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Jackson & Pearland Lawyer > Blog > Criminal Defense > Defending Against A Fraud Charge In Texas: What You Need To Know

Defending Against A Fraud Charge In Texas: What You Need To Know

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Fraud charges are something nobody wants to face, due to the severe consequences involved. What is a fraud charge in Texas, exactly? The term “fraud” is often used as a catch-all to include a number of criminal financial acts. This can include everything from using someone else’s credit card to make a small purchase, to a complex million-dollar securities fraud scheme, and everything in between.

Examples of fraud that can be charged as crimes in Texas can include:

  • Forgery
  • Counterfeiting
  • Money Laundering
  • Credit Card Fraud
  • Identity Theft
  • Check Fraud
  • Ponzi Schemes
  • Bribery
  • Securities Fraud
  • Insurance Fraud
  • Medicaid Fraud
  • Tax Fraud

Each of these crimes involves a different set of circumstances, but all involve at least one individual misusing sensitive information to gain money in a wrongful manner. They also involve a range of potential penalties that include prison time and heavy fines.

The penalties for a fraud conviction in Texas will vary depending on the nature of the acts involved and the amount of money and/or property taken. Fraud involving a taking of less than $100, for example, may be a Class C Misdemeanor with a fine of up to $500. Fraudulent taking of more than $300,000, however, can be charged as a First Degree Felony with fines up to $10,000 and a prison sentence of 5 to 99 years.

Charges can also vary depending on the age and individual circumstances of the financial victims. Fraud against children, the elderly, or disabled individuals in Texas can be charged as a Third Degree Felony, even if only a small amount was taken.

In addition to statutory fines and jail time, a conviction may also include other court-associated costs and years of probation. In addition, there are the personal and professional costs of a fraud crime conviction. Being convicted and sentenced for fraud can bar a person from certain types of employment, housing, and loans. For these reasons, even a seemingly minor offense can haunt somebody for years to come. A person charged with any type of financial fraud must aggressively assert their rights in court from day one, preferably with the assistance of an experienced Texas fraud defense attorney.

What Prosecutors must prove in a Texas Fraud Case

Generally, a claim of financial fraud must have two distinct elements under Chapter 32 of the Texas Penal Code:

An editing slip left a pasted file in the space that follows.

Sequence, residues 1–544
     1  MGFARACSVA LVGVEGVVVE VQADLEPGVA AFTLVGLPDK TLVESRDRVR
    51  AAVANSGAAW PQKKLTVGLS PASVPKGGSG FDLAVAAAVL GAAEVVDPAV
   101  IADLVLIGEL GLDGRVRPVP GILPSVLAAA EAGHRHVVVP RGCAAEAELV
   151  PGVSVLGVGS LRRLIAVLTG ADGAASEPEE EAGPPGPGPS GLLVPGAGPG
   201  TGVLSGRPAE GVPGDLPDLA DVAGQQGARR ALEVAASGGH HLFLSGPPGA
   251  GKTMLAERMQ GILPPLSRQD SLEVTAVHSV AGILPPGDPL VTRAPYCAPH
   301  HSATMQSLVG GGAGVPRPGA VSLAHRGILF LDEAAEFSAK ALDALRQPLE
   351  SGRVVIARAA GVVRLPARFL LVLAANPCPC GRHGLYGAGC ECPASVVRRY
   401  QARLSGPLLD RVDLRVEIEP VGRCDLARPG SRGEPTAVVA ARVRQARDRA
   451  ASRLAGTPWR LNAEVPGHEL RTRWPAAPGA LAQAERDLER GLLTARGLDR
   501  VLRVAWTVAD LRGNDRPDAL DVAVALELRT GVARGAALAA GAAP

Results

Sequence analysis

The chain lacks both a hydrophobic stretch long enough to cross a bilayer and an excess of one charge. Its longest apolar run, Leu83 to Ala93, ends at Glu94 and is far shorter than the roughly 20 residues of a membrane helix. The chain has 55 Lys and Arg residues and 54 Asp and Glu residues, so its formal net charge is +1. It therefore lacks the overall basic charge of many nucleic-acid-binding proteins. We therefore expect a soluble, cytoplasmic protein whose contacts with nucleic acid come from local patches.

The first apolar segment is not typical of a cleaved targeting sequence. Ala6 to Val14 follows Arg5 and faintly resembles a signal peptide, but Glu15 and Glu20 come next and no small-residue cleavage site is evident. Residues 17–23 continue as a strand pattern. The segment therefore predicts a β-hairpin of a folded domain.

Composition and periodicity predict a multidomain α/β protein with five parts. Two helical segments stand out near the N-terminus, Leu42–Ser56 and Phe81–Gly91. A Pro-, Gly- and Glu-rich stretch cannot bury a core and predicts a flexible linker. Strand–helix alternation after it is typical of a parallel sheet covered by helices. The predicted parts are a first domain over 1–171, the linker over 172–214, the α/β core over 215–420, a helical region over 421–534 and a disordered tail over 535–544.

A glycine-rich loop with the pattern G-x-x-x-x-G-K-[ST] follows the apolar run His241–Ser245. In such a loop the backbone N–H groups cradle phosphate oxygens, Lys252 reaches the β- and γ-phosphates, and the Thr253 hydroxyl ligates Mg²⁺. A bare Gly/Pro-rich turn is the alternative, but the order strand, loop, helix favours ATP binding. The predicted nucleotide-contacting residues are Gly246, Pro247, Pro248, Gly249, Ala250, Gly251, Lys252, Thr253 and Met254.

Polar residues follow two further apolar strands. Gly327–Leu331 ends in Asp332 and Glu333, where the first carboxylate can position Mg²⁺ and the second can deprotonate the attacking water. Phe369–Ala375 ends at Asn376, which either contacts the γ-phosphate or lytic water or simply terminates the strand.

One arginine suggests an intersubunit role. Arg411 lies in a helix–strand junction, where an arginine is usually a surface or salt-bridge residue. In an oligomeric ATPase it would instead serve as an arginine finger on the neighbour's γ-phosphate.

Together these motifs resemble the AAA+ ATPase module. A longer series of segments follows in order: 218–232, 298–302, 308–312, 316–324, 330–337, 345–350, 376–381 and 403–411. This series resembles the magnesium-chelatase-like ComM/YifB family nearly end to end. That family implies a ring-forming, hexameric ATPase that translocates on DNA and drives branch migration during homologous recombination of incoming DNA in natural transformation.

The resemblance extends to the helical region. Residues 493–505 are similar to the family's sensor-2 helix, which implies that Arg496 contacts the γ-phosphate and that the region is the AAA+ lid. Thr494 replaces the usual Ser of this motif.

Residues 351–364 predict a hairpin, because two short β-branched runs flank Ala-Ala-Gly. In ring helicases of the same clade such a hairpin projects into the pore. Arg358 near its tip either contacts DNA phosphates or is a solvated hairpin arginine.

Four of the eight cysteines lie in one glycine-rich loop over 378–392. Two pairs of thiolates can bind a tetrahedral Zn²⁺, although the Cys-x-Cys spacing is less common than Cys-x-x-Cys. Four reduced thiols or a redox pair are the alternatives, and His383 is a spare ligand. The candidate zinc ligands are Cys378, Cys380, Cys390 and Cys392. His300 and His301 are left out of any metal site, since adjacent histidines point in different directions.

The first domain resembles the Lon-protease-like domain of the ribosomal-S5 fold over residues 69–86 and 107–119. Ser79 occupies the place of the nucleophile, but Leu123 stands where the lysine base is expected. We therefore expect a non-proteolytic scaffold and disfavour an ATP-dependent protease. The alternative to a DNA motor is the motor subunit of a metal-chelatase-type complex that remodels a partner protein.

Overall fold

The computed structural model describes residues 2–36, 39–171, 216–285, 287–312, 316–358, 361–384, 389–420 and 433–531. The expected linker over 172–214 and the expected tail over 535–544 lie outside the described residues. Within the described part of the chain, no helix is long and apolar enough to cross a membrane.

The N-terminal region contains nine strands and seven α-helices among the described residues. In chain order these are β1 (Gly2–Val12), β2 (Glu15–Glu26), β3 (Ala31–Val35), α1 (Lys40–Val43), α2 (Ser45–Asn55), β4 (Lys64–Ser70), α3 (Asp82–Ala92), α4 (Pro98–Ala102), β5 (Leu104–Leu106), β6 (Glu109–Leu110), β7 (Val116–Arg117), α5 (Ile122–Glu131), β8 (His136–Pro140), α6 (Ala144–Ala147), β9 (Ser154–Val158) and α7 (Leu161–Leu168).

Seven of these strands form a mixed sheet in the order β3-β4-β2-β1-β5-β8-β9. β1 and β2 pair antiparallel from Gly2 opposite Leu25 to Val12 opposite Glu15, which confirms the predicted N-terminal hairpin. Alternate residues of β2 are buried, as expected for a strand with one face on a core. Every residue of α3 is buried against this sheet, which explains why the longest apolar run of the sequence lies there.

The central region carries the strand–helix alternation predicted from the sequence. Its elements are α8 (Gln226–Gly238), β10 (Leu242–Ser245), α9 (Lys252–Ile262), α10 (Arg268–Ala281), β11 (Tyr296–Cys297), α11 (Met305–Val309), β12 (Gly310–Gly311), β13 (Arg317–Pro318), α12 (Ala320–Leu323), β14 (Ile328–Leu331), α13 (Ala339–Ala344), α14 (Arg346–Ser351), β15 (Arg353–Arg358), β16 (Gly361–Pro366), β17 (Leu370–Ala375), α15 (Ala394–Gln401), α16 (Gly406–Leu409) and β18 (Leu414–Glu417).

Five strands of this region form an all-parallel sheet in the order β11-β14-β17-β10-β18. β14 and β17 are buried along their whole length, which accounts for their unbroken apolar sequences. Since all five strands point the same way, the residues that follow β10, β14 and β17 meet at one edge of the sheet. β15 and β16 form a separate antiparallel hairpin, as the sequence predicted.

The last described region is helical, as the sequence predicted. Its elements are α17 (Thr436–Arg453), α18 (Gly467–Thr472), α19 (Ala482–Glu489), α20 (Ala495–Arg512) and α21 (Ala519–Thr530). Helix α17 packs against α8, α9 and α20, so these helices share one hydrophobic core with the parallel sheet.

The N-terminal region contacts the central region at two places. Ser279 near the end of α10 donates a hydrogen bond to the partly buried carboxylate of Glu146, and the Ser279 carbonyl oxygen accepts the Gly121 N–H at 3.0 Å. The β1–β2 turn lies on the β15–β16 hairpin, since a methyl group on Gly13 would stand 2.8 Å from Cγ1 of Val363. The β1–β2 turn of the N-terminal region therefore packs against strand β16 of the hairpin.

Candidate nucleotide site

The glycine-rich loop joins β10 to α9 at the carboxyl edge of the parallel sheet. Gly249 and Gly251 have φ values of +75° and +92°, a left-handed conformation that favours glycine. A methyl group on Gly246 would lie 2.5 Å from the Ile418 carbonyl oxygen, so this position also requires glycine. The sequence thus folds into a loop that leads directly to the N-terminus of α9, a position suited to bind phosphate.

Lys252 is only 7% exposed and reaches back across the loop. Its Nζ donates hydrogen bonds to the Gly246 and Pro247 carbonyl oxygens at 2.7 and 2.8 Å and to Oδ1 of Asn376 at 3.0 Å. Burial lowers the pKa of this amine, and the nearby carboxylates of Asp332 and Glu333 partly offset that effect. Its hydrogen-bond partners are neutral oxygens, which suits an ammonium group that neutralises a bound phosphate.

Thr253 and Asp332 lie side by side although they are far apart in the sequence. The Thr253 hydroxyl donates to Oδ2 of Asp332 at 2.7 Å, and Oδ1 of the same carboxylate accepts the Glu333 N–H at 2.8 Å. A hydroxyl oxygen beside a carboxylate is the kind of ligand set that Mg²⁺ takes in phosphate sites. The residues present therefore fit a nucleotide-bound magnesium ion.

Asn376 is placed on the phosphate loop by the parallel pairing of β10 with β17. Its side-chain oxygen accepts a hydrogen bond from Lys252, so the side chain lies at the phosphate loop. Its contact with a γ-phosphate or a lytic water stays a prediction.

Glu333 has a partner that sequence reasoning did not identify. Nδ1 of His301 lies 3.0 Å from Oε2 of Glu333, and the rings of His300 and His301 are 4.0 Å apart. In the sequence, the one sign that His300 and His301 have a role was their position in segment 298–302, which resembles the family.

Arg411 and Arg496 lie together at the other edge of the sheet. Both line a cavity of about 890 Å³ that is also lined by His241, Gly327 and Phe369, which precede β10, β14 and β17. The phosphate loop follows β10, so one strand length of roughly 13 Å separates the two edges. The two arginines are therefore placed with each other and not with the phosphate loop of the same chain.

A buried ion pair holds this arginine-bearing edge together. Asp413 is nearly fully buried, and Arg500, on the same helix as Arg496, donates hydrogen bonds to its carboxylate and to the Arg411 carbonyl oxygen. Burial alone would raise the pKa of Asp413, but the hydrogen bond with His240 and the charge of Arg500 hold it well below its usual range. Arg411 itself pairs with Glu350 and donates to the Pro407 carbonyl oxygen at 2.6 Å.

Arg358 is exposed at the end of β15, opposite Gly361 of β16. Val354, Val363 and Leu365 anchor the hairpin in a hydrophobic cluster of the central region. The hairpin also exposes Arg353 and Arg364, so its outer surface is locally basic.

1. A willful misrepresentation (or omission) or fact; and
  2. Intent to use this misrepresentation for personal financial gain.

Thus, the State must prove that a defendant made some kind of misrepresentation (usually regarding personal information or financial data), and also did so with the intent to enrich themselves at another’s expense.

Defenses to a fraud charge in Texas can include:

  • Lack of intent to commit fraud. There must be some type of deliberate deception for fraud to exist. If the alleged perpetrator did not know they were using false information, or believed it was accurate at the time they used it, they may not have committed fraud.
  • Lack of evidence. The prosecution must prove, beyond a reasonable doubt, that the defendant intended to take money, property, or something of value, and used misrepresentation to do so.
  • If the defendant was placed under some kind of unlawful pressure to engage in fraudulent activity, this may serve as a defense to the charge. For example, if a boss or other individual threatened you with some type of harm for not changing numbers on a financial form, you might have committed a fraudulent act while under duress as far as the law is concerned.
  • Constitutional violations. If law enforcement obtained evidence against you in a manner not consistent with your Fourth Amendment rights, that evidence might be subject to dismissal in your case.

A Skilled Texas Fraud Defense Attorney Can Help You Protect Your Rights When Accused with Fraud

Attorney Keith B. French, Jr., is a former Assistant United States Attorney practicing in the Pearland, Texas area. Because of his experience as a prosecutor, he knows the steps involved in a criminal fraud case, and what evidence is necessary. He also knows how to attack flaws in the prosecution’s case and help you fight vigorously against any and all charges in a financial-crimes case. Our law firm will go through the details of your case step by step and build the best defense possible. Contact our Pearland criminal defense lawyers today for help.

Resource:

statutes.capitol.texas.gov/Docs/PE/htm/PE.32.htm

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